You end up with 10 1k blocks read from a random start address. On a real OS you get an access violation.

I have read somewhere that SD cards delay writing from time to time, so it will be useful to measure the time that writing each block takes, so you know the maximum delay time. Just measuring an average data rate is not sufficient, as you will run out of buffers if the maximum delay is too high.
You could also directly check that you get the sustained datarate you need.
You have to benchmark and completly fill each card you want to use as the write speed is not constant on all parts of the card.

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320Kbps isnt a standard rate... you could sample at that rate, then send it over at max baud divisor... 1 mbps. The 320Kbps is about 40K Bps... 80 sector writes a sec, 12 ms per sector. Those things write about 5ms a sector, right?

Imagecraft compiler user

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The 320K bps I quoted is based on the data requirements: 20 bytes of worth of sensor data sampled at a rate of 2K Hz.

FatFs blocks interrupts regularly during writes. On the SD logging xmega I do run the uarts on interrupts, but since FatFs is blocking I see the need to avoid both tasks happening simultaneously. I've been sneaking small SD writes inbetween uart interrupts. This is sort of okay for my current 100 Hz rate, but I don't like the scheme and it sure won't scale up to the target 2K Hz sampling.

I feel like I need a fairly fundamental change.

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bobgardner wrote:
...send it over at max baud divisor... 1 mbps.

Have you tried running avr uarts at this rate and had good success? I'll try it out, for sure, but I find myself thinking it seems farfetched. The distance is only a few inches, but neither xmega has a crtstal (something i will change with next hw revision). Neither does either one currently self calibrate its clocks. (Something else I'll change.)

Steve

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steverino wrote:

Interprocessor com: I'm stuck with the uart as the interprocessor communication channel. Is it realistic to run uarts at 460 or 920 kbaud and expect the < 1% error rate that atmel suggests is possible?

SD card: based upon the current system running at 16MHz, my gut tells me a data rate of 320Kbaud will overwhelm the FatFs and the SD card.

Some points to consider:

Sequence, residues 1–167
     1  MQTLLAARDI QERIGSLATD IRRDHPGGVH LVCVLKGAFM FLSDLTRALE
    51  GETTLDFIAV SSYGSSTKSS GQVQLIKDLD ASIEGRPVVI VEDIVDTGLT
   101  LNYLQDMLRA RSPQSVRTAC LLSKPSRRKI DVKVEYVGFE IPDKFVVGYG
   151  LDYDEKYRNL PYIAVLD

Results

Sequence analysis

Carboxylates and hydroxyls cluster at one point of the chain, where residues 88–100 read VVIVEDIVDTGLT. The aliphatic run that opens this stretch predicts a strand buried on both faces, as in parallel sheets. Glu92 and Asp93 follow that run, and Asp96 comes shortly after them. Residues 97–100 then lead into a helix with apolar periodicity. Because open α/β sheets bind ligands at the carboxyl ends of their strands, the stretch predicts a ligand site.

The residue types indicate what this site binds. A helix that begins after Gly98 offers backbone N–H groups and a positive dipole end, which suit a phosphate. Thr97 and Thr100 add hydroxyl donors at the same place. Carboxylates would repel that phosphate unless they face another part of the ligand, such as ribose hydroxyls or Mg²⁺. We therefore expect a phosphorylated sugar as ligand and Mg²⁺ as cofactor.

1. We're operating a UART (off a crystal) at 921600 baud at 60% utilisation without issues, but we use the DMA feature to do so.

2. You can spin the xmegas up to 32MHz with the internal oscillator. Accuracy is claimed to be 2% (iirc, maybe 1%), but you might be able to clock one from the other meaning clock drift between the two won't be an issue.

Do you know whether the UART or the SD card is the bottleneck? If you;re using the SPI on the USART, you can also use DMA mode on that which may relieve the CPU load talking to the SD card (if you're using it in that mode).

Finally, as you in a position to mod the hardware (just to rule this option in or out).

-- Damien

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Why is FatFs blocking interrupts? It shouldn'd need to unless it is a fix for some re-entrancy situation.

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Quote:

You end up with 10 1k blocks read from a random start address. On a real OS you get an access violation.

Yeah I know that - so what? The whole point was to simply write some random data - my use of rand() and casting it to a byte pointer was hardly an accident was it? :?

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I apologize for sucking you all in with such a question and then disappearing. I had to go provide some help to my out of town parents. I'll provide some feedback to your suggestions and questions above as I can. In the meantime, I thank you for your assistance to date.

Steve

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Kartman wrote:
Why is FatFs blocking interrupts? It shouldn'd need to unless it is a fix for some re-entrancy situation.

Great question. It is no longer blocking interrupts. I had been experimenting while debugging my FatFs port. :oops:

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Can you reduce the bandwidth requirements with data compression? High bits per channel and/or sample rates should allow for a lot of compression.

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Quote:
20 bytes of worth of sensor data sampled at a rate of 2K Hz
That sounds like a lot of data are you sure that all 20 byte change! (I would expect some of it to be a ID or ?)

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Great. Just great.

Due primarily to the current and projected supply shortages of the xmega families in the required packages, atmel just got designed OUT of the product.

No, it wasn't my decision. I got designed out along with the xmega.

Thanks atmel.